Parental roles are changing. The stay at home mother/wife with the hardworking man bringing home the bacon may still exist in some part, but it seems these gender roles are switching. It’s becoming more common for men to stay at home to look after children while their wife/partner heads to work. The earning power of women is on the rise, with many advancing further in their career. As a result they’re not only opting to return to work after becoming a mother, but are also maintaining senior roles.
Recent research by financial services company LV= revealed that women are earning, on average, £14,000 per annum more than men. In fact, the number of female breadwinners has risen from 26% to 41%, proving the growth in the number of women in more senior, powerful positions. Women may have once been happy to accommodate the traditional roles, but for the majority that certainly is being challenged.
Women may have been considered the primary caregivers for some time now, but they are being valued as the primary breadwinners too. Many women are the highest earners, detailing a shift in family dynamics and the development of tradition. This opens up some interesting questions as to the traditional roles parents have been playing for years and what the change actually means to both family and work life.
The change in social attitudes is slowly welcoming the idea that men are more involved in their children’s lives and women are relying on their husbands/partners to manage the parent and child relationship. Whilst traditions ‘tell’ us that men should maintain the breadwinner role, the number of women defying this tradition has escalated.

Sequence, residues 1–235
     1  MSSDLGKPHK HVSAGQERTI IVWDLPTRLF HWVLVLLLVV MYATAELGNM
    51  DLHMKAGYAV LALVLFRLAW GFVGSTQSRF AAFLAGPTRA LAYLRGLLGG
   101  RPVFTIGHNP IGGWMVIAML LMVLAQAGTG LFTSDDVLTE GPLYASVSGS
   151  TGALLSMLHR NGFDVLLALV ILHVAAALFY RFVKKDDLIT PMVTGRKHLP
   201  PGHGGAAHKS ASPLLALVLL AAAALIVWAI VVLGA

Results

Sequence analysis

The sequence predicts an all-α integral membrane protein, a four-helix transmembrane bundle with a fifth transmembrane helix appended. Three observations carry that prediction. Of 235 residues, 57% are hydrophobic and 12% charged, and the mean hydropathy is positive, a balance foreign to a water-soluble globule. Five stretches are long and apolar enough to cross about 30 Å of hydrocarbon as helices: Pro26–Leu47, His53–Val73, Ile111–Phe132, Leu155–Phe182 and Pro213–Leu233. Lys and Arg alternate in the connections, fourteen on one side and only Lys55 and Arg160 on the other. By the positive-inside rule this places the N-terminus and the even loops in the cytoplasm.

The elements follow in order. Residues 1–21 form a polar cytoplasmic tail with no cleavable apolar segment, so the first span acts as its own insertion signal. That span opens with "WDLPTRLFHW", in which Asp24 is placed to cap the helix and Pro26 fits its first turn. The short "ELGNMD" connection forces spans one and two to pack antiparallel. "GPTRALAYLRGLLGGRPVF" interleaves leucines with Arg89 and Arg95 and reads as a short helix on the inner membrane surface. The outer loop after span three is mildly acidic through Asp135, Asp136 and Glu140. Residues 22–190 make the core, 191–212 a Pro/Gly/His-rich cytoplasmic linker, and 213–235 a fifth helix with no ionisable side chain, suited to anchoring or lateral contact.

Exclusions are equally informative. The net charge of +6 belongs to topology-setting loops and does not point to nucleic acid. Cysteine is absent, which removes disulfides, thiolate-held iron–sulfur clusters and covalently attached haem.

Not only is this change great for the development of women in work and their roles as senior, key professionals, but it is also great for fathers. This change suggests that a number of men want to be directly involved with the upbringing of their children and are happy to stay at home to do this.
Although this does not apply to every family set-up, one of the reasons for this shift is down to understanding what makes economic sense. Not only could it be argued that this rise is due to the acknowledgment of women (in key roles) in the workplace, but maybe the recession was the catapult that made this all the more apparent – working harder to provide for your family.
Whilst it could be suggested that there was a number of things that enabled women to rise financially and professionally, it is perhaps more important to acknowledge that the breadwinner role is not a switch, but an equaliser, a chance for both men and women to be the breadwinner or the caregiver. This, after all, is what it means to having a fulfilling family life and work-life balance.